COMPLEX OUTCOMES OF SOME NORMS/POSITIVE EFFORTS Personal/Social Levels: – Respect for family privacy and Dont ask/dont tell strategies about abuse/violevce (at personal level) – Respect for family privacy and Conspiracy of silence (family as well as community level) – Honour systems and their aberration – Dowry & bride-price systems and their aberration – Arranged marriage systems and their aberration Familys unwillingness to admit if the decision is wrong – Respect for age norms and their misuse – Respect for gender codes/expectations/norms and their misuse
COMPLEX OUTCOMES OF SOME NORMS/POSITIVE EFFORTS (cont...) Academic/Structural/Socio-political Levels – The entrenched principle of equality (as opposed to equity) (good: equality is much better than discrimination) (not so good: treating unequals as equal is an inequality in itself, and often gleans over the specific needs of women/children/aged) – Resistance to collect/analyze violence/violence against women data on race/ethnicity categories (good: attempts to avoid further stereotyping some of the already stereotyped/discriminated groups) (not so good: leaves holes in knowledge, discourages academics/policy makers from studying socially important patterns, does not allow a true understanding of the special needs of at risk groups (eg. newcomer women, immigrant/refugee women, women from honour-based cultures, visible minority women)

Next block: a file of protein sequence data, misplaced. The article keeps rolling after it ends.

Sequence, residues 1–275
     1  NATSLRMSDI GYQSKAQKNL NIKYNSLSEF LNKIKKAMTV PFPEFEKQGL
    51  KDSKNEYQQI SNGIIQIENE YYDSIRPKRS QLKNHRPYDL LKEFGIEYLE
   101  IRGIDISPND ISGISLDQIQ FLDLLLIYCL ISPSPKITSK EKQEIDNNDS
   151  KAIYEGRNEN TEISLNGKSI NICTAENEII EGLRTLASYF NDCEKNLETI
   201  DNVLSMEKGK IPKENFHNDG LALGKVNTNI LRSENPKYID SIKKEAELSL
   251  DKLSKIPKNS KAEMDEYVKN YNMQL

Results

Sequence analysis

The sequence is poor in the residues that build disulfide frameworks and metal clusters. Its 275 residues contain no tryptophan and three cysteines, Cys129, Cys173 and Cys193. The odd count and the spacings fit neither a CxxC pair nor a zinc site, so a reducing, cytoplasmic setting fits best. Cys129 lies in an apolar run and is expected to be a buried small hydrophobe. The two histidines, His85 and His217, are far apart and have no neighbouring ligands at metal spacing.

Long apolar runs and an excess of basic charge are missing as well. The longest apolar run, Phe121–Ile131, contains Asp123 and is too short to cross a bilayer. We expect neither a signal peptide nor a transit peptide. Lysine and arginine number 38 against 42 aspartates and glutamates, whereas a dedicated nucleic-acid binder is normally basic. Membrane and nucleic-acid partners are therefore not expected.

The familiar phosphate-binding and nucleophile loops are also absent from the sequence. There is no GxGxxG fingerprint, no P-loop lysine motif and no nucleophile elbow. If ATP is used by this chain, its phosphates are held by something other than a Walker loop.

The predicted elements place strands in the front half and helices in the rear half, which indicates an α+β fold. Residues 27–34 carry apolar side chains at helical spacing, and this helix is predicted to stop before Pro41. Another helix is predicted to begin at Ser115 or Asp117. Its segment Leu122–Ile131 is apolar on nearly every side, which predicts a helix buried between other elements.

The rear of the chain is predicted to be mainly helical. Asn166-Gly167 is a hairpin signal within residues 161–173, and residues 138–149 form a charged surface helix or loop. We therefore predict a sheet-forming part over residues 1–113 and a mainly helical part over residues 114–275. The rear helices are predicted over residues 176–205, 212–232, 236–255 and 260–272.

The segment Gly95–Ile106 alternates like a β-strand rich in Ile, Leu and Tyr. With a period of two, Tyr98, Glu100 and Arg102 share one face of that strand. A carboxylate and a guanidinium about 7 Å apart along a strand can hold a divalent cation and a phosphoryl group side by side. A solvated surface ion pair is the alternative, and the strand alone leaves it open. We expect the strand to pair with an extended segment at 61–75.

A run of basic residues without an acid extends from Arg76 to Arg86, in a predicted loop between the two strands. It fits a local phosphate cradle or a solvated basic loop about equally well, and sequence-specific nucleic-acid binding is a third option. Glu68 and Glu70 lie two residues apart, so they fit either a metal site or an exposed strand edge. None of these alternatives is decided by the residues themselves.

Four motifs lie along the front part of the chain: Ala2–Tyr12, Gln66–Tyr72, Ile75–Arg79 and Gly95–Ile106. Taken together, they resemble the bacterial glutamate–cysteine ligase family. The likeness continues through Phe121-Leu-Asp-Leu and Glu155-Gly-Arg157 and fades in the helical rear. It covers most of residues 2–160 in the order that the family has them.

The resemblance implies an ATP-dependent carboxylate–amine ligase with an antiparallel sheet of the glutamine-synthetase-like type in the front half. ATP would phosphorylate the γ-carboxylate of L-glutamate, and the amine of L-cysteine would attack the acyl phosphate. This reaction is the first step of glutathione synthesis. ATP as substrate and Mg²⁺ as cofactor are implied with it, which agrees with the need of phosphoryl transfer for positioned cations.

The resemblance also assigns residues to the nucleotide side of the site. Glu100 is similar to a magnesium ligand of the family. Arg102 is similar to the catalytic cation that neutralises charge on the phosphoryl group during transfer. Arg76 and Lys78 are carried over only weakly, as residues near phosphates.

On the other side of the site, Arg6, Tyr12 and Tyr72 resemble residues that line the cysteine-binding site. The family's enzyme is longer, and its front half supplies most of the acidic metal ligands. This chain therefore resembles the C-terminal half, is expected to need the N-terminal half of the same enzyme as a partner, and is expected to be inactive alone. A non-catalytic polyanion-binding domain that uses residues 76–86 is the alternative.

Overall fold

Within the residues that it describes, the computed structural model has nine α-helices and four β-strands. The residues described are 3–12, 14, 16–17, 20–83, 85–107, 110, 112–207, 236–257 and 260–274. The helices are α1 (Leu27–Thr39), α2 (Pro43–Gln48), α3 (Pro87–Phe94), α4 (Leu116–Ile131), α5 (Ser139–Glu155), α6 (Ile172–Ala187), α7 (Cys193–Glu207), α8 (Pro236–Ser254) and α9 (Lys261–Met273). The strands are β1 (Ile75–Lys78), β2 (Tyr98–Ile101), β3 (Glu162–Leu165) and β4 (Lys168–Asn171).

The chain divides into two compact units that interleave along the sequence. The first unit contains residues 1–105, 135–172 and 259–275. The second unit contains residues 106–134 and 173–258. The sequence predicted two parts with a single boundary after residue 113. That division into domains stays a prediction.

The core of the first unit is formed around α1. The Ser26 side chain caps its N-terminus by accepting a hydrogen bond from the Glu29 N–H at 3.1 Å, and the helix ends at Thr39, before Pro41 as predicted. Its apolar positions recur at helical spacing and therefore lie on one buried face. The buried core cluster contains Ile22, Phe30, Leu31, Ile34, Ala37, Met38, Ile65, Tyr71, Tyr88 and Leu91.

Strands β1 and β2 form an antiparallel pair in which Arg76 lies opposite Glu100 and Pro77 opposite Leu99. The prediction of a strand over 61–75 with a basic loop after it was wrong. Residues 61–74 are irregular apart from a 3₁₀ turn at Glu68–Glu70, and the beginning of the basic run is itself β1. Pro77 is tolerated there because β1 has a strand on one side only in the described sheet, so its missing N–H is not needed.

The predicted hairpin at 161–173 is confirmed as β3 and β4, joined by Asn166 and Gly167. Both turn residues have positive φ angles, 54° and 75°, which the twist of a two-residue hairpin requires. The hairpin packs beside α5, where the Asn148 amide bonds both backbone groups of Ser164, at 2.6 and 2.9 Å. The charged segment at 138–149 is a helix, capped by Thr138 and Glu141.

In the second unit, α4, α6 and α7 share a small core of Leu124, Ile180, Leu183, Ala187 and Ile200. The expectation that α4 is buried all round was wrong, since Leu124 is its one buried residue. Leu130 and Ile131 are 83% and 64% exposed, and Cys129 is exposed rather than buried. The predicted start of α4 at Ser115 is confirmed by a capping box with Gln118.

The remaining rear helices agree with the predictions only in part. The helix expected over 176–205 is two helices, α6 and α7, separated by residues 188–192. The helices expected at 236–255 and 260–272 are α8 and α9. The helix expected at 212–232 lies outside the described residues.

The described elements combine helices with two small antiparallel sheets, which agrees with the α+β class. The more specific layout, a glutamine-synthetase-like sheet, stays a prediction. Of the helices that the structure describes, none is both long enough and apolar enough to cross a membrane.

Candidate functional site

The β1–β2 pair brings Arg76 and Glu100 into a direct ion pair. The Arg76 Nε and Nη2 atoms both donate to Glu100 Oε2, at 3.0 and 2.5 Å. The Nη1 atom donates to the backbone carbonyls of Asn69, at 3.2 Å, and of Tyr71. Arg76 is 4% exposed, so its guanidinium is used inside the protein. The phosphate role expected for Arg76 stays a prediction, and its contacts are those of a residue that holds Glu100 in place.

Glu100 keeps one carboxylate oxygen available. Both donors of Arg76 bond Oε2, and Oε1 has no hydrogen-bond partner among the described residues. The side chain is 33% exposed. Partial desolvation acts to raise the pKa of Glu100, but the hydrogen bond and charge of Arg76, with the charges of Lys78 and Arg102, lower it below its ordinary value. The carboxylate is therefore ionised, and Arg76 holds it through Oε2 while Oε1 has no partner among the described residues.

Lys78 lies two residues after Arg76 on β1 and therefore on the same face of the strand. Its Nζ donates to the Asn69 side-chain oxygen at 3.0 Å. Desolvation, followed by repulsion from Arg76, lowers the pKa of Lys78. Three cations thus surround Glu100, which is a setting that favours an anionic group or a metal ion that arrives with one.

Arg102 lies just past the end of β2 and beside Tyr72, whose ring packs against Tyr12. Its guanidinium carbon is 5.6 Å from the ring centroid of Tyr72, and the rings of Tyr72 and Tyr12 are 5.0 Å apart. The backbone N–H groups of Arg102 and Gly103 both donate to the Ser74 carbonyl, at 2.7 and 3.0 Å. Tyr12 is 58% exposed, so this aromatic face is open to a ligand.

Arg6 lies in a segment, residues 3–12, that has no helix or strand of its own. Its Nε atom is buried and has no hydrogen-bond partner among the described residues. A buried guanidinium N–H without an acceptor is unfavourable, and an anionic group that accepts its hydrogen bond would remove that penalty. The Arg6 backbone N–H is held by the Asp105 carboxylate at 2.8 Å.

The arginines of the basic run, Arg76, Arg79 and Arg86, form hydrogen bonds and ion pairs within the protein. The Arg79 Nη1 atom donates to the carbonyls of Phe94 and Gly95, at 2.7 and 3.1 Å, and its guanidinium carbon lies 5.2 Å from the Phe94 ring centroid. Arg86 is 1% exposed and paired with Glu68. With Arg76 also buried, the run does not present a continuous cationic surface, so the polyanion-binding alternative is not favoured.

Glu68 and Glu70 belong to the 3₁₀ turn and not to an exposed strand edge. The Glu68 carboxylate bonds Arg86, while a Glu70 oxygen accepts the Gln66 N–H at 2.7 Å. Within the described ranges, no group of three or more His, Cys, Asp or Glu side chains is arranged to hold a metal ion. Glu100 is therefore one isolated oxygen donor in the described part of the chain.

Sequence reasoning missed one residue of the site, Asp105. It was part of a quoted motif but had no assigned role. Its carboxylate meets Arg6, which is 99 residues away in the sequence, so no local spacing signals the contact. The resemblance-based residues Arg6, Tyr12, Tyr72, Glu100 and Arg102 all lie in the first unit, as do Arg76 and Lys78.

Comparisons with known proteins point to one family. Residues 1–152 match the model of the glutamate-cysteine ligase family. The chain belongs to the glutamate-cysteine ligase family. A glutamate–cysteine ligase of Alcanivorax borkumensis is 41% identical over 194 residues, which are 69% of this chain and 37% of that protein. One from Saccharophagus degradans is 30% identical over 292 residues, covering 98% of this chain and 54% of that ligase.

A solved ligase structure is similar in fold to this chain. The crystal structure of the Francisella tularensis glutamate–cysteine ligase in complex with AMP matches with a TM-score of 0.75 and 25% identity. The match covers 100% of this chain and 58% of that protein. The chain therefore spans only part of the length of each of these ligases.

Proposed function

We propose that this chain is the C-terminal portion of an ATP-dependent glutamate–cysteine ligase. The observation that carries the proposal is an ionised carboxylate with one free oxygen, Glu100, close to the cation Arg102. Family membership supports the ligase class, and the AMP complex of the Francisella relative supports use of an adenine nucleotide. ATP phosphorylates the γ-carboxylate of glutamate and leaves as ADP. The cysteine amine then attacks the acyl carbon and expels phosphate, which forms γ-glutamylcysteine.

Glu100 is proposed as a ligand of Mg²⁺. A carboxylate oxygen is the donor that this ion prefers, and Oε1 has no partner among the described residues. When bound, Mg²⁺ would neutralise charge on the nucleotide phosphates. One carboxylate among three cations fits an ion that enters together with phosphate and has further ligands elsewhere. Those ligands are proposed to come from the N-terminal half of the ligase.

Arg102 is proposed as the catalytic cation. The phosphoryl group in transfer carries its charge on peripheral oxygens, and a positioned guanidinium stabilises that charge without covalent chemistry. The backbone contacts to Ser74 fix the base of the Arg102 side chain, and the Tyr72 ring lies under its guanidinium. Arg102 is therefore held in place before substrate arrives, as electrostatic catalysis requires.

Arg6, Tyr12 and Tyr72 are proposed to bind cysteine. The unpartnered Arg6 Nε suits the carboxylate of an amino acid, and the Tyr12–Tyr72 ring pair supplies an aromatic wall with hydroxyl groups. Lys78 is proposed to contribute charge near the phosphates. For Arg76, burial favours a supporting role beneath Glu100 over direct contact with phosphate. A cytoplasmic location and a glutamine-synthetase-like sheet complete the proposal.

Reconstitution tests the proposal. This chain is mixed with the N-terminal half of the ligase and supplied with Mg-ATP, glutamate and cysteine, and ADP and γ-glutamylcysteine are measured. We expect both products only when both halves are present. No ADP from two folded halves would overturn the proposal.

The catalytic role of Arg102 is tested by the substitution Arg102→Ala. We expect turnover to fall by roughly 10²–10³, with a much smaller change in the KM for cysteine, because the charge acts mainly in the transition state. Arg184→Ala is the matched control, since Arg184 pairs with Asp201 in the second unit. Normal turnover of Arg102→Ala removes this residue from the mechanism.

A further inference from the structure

PUSHING THE PANDULUM TOO FAR Dangers of extending acceptance and tolerance to all aspects of ethnocultural difference Taking cultural relativity concept to its extreme Giving primacy to cultural rights over human rights and womens and childrens rights Giving primacy to sacredness of family relations over womens rights and childrens rights Defining human rights mostly as political rights rather than gender-based socio-cultural rights